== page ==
Researchers have known about the benefits of music education for students for decades. Piano Forte Music School owner Marie Dvorkin wholeheartedly agrees. After all, she’s seen the evidence firsthand.
“Nothing gives a student such development as learning an instrument,” Dvorkin says. “Knowing music gives students such an advantage.”
She’s seen her piano students excel in other areas of their education and has heard from parents that their children perform well academically and socially.
Readers may wonder how learning an instrument, playing scales, learning proper fingering and reading music can help youth in other areas of their education.
The answer to the benefits of music education can be found in “neuroplasticity,” the ability of the brain to develop new connections as children learn new skills.
And those new connections lead to some pretty cool results.
Here are seven benefits of music education for students:
Language Development and Reasoning
Students who learn music exercise the parts of their brains responsible for learning and understanding language, Dvorkin explained.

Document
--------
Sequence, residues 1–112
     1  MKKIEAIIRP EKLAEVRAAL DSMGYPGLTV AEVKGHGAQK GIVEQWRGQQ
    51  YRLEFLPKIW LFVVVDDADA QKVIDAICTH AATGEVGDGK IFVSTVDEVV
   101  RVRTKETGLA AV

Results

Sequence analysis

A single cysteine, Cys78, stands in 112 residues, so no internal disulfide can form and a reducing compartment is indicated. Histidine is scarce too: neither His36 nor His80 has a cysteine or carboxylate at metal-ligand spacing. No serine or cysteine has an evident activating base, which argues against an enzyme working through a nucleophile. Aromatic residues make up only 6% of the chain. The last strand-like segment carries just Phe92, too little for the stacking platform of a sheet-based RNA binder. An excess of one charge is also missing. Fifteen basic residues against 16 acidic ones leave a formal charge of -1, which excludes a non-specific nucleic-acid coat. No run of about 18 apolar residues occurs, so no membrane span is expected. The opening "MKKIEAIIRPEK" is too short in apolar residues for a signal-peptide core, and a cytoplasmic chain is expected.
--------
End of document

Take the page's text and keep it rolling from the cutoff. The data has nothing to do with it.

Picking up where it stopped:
Music is a language all on its own. As students learn notes, time signatures, key signatures and tempo and volume directions, they build up the pathways in their brains that allow them to take all that information in at once and decode what it all means.
In a 2005 Stanford University study, researchers attributed the advanced language processing needed when reading music to training a child’s brain to notice minor differences in spoken words.
The areas of the brain that help with those decisions are also the same areas essential for processing language. Studies also show that learning an instrument benefits the brain by helping it understand how different words can have similar meanings, which helps overall communication abilities.
And a newer study on the benefits of music education, authored in 2018 by researchers at Beijing Normal University, found that “piano lessons have a very specific effect on kindergartners’ ability to distinguish different pitches, which translates into an improvement in discriminating between spoken words.”
Learning music is an excellent way for children to learn about how the left side of their brain works. Studies show that they are better able to reason with language, have improved sound recognition skills and remember information much easier once it’s been taught through song.
This leads to the next benefit of music education: